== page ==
McCartney as more than second fiddle
The story is familiar: As arguably the greatest rock ’n’ roll band, the Beatles ruled ’60s culture. John Lennon was the smart one and the leader; Paul McCartney, the cute No. 2; George Harrison, the restless genius-in-waiting; and Ringo Starr, the funny reality check.
In “Paul McCartney: A Life,’’ Peter A. Carlin offers a reconsideration of the dynamics of the band and McCartney’s role in it, arguing that Paul was as much a leader as John. But he also offers a complex portrait of an artist whose insecurities were fanned when he was in the presence of talented musicians with strong artistic visions, but who did his best work when around them.
As primary evidence, Carlin presents an appropriately unflattering analysis of McCartney’s work after the Beatles broke up in 1970. Despite occasionally great post-Beatles music like the singles “Maybe I’m Amazed,’’ “Live and Let Die,’’ and the albums “Band on the Run’’ and the fabulously retro “Run Devil Run,’’ he observes that McCartney failed to grow beyond the work he did with Lennon.
For this warm, fair book, Carlin interviewed childhood friends, former business associates, and members of various McCartney bands, particularly Wings - but was not, unfortunately, granted interviews with McCartney or Starr. Carlin’s description of the process involved in McCartney’s creation of “Yesterday’’ and of the influence McCartney’s effortless musicality had on the group underscore how much influence he had on the direction of the iconic band.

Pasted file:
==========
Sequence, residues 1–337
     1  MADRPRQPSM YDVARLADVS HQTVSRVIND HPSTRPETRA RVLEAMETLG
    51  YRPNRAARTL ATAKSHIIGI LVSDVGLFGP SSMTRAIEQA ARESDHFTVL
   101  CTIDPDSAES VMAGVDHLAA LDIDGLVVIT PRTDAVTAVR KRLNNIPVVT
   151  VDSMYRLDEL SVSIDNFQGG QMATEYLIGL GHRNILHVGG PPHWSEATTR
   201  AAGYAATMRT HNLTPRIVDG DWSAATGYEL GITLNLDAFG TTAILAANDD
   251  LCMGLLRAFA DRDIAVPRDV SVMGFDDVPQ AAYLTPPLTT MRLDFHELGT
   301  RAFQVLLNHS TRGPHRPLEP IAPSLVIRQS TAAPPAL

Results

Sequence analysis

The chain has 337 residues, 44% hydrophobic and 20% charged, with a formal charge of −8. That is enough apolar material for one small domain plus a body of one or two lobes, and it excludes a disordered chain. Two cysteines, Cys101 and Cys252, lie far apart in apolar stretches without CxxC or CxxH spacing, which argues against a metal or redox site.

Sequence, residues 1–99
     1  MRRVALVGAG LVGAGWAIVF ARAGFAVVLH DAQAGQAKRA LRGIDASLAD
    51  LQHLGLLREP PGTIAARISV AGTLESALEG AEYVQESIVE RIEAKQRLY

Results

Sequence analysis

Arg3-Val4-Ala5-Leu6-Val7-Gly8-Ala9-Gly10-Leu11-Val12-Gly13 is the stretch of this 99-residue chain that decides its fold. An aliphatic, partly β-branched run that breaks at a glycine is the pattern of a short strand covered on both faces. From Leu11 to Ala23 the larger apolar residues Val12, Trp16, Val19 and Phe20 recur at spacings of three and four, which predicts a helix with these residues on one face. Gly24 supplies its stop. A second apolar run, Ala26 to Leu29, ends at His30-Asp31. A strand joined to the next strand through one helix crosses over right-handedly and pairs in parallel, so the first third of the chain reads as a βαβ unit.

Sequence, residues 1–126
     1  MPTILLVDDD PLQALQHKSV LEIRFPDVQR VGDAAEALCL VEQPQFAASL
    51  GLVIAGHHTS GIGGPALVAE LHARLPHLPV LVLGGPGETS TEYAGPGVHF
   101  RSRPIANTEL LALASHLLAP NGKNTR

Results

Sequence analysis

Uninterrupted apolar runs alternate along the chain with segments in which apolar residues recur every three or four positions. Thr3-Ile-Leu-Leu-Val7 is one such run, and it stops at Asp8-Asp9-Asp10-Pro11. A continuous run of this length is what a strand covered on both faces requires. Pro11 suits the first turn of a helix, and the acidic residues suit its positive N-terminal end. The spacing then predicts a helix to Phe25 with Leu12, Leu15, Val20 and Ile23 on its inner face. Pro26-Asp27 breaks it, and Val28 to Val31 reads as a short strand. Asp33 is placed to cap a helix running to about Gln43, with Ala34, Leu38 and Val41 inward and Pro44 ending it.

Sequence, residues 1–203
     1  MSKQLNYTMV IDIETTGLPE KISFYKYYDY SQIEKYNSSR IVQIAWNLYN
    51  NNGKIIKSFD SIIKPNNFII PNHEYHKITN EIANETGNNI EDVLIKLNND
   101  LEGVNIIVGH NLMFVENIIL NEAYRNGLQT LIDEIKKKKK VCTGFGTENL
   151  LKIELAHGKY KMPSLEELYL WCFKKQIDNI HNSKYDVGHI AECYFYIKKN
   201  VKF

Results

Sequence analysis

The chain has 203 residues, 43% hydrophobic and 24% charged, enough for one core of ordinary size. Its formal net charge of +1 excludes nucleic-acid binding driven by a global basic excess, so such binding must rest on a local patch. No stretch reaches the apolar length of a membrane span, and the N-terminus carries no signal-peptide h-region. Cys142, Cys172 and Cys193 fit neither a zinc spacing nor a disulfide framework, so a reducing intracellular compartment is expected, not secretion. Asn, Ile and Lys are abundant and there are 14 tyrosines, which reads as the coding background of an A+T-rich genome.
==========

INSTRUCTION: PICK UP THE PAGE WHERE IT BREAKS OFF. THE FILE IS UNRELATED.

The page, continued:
Personally, McCartney comes across as a bit of an odd-man out, a controlling cheapskate, and a comparatively straight guy, though he sure does love his pot. While the others leapt into experimentation with LSD, McCartney dabbled in it. While the other three were sick of touring even before “Rubber Soul,’’ McCartney never lost his appetite for the stage, a yen that prompted the McCartney-driven movie debacles of “Magical Mystery Tour’’ and “Give My Regards to Broad Street,’’ Carlin suggests.
Nat Weiss, a New York attorney and a friend of Beatles manager Brian Epstein, helped the Beatles promote their company, Apple, in the late ’60s. His take is astute:
“ ‘Neil Aspinall [original Beatles road manager and ultimate Apple manager] used to explain that it was John’s band,’ says Nat Weiss. ‘And at that point (in the mid-’60s) Paul was very conscious of wanting the approbation of John, in anything he did. I think Paul felt John was the cool one, the avant-garde one, the true artist. Paul is basically a very bourgeois, middle-class person. Extremely talented, for sure. But the rebel was John.’ ’’
When Lennon was murdered in 1980, McCartney felt as adrift as he did at the dawn of the ’70s when, Carlin suggests, Yoko Ono spearheaded the move to disband the group. The Beatles didn’t really come together again until 1994, when the survivors finished Lennon’s “Free as a Bird.’’
Carlin also writes about McCartney’s personally tortured but largely successful collaboration with Elvis Costello. Cut from similarly acute cloth, Costello was as threatening to McCartney as Lennon. These examples bolster the argument that McCartney tended to do his best work while in challenging company.
Regarding McCartney’s wives, Carlin doesn’t gloss over Linda Eastman’s faults as a performer, but also celebrates what she meant to McCartney as his partner of more than 30 years. He juxtaposes that with details of McCartney’s second marriage to, and nasty divorce from, Heather Mills, rounding out a portrait of a musical genius full of himself, an aesthetic adventurer who needs to run the ship, an insecure schemer who also is a bit of a bore.
Carlo Wolff, author of “Cleveland Rock & Roll Memories,’’ is a freelance writer in Cleveland.